Rats treated with CBD were less likely to relapse, even five months after treatment.
Cannabis is a drug. This is certain. “So are caffeine, nicotine, and ibuprofen,” tedious pedants might say.
But let’s say you’re in recovery. You want to be “clean and sober” from drugs and alcohol. Not want — you must be.
Being “drug-free,” of course, comes with some stipulations. Nobody would begrudge you a cigarette, a cup of coffee, or a couple of Advil. (Tobacco will kill you, but that’s probably not why you sought help.)
But can you use marijuana and still “stay clean?” The notion might have been unacceptable or unthinkable, but what if it was the cannabis that helped you get clean in the first place?
At a recovery clinic in Los Angeles that specializes in opioid addiction, cannabis is a key part of the treatment regimen. Granting people with heroin habits unfettered access to dab rigs might have once sounded outrageous or counter-intuitive, but using marijuana instead of other, addictive and destructive drugs is “replacement therapy,” one of the key tenets of harm reduction strategy. And lo, according to research, giving people weed makes them less likely to seek opiates.
And now, there’s science supporting this method, and this research also explains why marijuana might be the solution to certain substance-abuse disorders.
If it’s true that drug addiction is a disease, the central issue isn’t this or that drug per se — it’s the underlying trauma or mental illness that leads to drug-seeking behavior in the individual. (Hence the coffee and the cigarettes at AA meetings; better those than a glass of whiskey and a line of cocaine.) According to an article published in the journal Neuropsychopharmacology, a compound in cannabis may sooth those impulses and anxiety that lead addicts towards relapse.
Cannabidiol, or CBD, is the less-psychoactive (or at least non-intoxicating) compound in cannabis increasingly accepted as a medical treatment, even in red states. There is medical-marijuana in Texas, and it’s because of CBD.
Researchers at the Scripps Research Institute in La Jolla, California gave a cohort of drug and alcohol-addicted lab rats a CBD preparation. Up until then, those rats had demonstrated an “addiction-like behavior” where they daily sought “alcohol or cocaine,” according to UPI. When treated with CBD daily, the rats were less likely to seek more alcohol and cocaine. In addition, they were less likely to relapse, the researchers found.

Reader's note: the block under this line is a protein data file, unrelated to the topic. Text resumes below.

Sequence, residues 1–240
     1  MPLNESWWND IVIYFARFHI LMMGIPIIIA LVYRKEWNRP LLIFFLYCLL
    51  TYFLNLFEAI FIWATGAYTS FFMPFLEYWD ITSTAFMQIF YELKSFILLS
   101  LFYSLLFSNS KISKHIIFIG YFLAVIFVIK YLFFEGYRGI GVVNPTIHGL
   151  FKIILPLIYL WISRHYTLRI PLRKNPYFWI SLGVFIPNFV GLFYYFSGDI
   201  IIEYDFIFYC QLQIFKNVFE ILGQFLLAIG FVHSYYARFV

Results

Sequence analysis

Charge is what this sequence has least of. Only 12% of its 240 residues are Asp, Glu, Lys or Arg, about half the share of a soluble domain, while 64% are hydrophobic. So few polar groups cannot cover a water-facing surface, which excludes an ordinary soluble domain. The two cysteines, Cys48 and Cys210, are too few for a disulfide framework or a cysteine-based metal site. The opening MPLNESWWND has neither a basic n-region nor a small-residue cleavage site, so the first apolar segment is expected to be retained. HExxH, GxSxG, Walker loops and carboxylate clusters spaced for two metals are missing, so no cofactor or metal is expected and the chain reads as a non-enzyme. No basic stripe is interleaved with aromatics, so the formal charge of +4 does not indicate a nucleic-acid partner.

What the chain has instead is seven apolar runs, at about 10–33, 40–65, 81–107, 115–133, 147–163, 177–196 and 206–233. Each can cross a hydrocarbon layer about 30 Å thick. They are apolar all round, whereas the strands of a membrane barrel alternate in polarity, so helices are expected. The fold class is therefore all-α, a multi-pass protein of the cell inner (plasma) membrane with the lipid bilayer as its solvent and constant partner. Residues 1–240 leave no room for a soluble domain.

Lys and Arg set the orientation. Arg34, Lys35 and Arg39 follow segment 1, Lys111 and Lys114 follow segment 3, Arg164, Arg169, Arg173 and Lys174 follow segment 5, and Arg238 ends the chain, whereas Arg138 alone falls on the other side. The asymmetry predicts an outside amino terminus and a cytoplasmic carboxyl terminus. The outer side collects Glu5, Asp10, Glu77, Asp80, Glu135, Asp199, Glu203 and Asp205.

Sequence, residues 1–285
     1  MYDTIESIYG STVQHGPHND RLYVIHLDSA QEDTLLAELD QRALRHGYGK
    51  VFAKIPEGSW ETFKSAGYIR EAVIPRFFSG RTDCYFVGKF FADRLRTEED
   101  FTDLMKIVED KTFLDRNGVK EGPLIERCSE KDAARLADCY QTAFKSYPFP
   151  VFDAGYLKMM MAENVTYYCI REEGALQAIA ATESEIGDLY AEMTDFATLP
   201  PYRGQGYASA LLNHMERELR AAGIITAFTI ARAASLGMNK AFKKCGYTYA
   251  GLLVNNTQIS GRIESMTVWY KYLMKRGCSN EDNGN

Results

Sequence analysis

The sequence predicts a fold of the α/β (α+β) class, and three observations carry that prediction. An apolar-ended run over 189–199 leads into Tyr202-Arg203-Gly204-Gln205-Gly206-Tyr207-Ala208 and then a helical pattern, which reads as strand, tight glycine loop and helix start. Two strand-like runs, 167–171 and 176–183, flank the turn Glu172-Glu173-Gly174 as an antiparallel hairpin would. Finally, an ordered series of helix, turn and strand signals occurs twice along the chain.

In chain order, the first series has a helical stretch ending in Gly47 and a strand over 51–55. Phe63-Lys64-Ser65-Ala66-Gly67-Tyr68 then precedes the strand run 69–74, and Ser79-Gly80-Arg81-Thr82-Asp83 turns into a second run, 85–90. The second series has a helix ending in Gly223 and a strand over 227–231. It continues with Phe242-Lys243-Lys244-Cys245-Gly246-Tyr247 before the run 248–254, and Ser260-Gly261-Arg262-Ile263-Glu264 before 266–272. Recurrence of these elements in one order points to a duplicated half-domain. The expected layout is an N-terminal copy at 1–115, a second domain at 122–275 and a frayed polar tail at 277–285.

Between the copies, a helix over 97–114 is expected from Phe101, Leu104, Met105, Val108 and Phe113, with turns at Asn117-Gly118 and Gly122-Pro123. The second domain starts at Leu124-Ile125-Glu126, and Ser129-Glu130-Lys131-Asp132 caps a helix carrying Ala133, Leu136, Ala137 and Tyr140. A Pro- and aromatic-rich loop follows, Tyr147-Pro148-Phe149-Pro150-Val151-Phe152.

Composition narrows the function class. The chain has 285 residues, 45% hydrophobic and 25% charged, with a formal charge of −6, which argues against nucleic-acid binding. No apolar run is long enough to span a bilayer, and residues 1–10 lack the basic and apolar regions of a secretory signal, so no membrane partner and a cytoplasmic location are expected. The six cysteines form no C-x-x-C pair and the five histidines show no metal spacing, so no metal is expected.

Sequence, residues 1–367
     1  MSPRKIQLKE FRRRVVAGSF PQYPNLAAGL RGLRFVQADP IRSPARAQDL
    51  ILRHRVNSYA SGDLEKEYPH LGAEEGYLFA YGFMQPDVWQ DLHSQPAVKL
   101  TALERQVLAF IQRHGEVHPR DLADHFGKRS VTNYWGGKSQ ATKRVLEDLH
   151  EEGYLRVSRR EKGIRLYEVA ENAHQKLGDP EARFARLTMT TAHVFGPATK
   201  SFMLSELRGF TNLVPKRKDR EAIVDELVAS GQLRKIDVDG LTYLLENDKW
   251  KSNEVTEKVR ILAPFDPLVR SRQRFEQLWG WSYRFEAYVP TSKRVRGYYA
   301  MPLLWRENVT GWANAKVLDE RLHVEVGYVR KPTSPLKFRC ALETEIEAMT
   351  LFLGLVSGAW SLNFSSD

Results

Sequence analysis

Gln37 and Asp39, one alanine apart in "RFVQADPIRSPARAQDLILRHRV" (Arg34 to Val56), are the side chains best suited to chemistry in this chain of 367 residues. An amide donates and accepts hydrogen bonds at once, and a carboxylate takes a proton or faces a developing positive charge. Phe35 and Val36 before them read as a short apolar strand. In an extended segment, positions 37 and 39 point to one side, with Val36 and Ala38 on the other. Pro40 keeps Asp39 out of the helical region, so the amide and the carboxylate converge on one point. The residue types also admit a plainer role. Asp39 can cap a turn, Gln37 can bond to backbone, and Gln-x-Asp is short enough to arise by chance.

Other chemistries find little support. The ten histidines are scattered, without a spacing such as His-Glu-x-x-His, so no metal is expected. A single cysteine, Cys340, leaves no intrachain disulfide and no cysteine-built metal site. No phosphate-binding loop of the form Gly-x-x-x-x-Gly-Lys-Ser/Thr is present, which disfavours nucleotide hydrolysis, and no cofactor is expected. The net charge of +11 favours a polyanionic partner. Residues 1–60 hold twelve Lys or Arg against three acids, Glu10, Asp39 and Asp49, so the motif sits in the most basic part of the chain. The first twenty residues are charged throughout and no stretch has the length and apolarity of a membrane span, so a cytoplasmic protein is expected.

More study found that though CBD itself was clear from the rats’ brains and blood within three days, those rats still were less likely to relapse five months later.
While it’s true that the study was on rats and not people, the findings demonstrate CBD’s broad potential. There’s not one thing that triggers a relapse in people, but there are a variety of “vulnerability states,” including stress and anxiety. CBD appears to act as a broad “cure-all,” solving a variety of these “vulnerability states,” according to the researchers.
“The results provide proof of principle supporting potential of CBD in relapse prevention along two dimensions CBD: beneficial actions across several vulnerability states, and long-lasting effects with only brief treatment,” the researchers wrote. “The findings also inform the ongoing medical marijuana debate concerning medical benefits of non-psychoactive cannabinoids and their promise for development and use as therapeutics.”
It’s true that states that have legalized medical or recreational marijuana have not suffered nearly as badly in the opiate crisis as states where cannabis is still illegal. This is a causal relationship that nonetheless is leading states with opiate problems (and that’s almost every state) to consider legal cannabis. And that’s when cannabis isn’t applied by treatment professionals in a clinical setting.
Yes, cannabis is a drug, but it could also be the “anti-drug.”
TELL US, do you think cannabis could work as a tool to get people off harder drugs and alcohol?